Tesla is recalling over 2 million vehicles due to a defective system in its Autopilot feature.

Tesla Recall:

The recall addresses issues with the system designed to ensure drivers' attention while using Autopilot.

Driver Monitoring System Defect:

The NHTSA conducted a two-year investigation, revealing inadequacies in Autopilot’s method of ensuring driver attentiveness.

National Highway Traffic Safety Administration's Findings: 

The investigation found that the defective system could lead to foreseeable misuse of the Autopilot feature, contributing to accidents.

Foreseeable Misuse:

Tesla plans to address the issue through a software update that includes additional controls and alerts to reinforce driver responsibility.

Software Update Solution:

The recall covers almost all Tesla vehicles sold in the US since the introduction of Autopilot in late 2015.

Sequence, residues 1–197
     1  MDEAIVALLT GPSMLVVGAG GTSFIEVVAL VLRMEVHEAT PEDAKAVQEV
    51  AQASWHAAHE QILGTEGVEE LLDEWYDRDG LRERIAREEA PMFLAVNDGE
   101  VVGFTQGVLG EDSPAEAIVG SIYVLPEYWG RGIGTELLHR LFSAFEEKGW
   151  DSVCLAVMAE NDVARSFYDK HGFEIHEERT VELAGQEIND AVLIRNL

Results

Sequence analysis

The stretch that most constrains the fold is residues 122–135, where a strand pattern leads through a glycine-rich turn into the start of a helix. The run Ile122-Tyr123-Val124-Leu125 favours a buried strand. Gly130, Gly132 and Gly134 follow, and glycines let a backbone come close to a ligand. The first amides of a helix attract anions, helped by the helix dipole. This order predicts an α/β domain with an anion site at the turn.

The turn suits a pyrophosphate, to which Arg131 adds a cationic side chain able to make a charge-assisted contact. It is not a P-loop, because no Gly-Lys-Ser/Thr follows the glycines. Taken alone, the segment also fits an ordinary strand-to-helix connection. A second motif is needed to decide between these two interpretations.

Recall Scope:

The software update aims to remind drivers of their continuous driving responsibility, emphasizing the need for attention while using Autopilot.

Continuous Driving Responsibility:

Some affected vehicles have already received the software update, with the rest scheduled for the update at a later date.

Deployment of Software Update:

Safety advocates have long called for stronger regulation of the driver monitoring system, highlighting its limitations in detecting driver attentiveness.

Driver Monitoring System Criticisms:

Despite its name, Autopilot is a driver-assist system and cannot fully drive itself; independent tests have revealed flaws in the monitoring system, making it susceptible to misuse.

Autopilot's Limitations: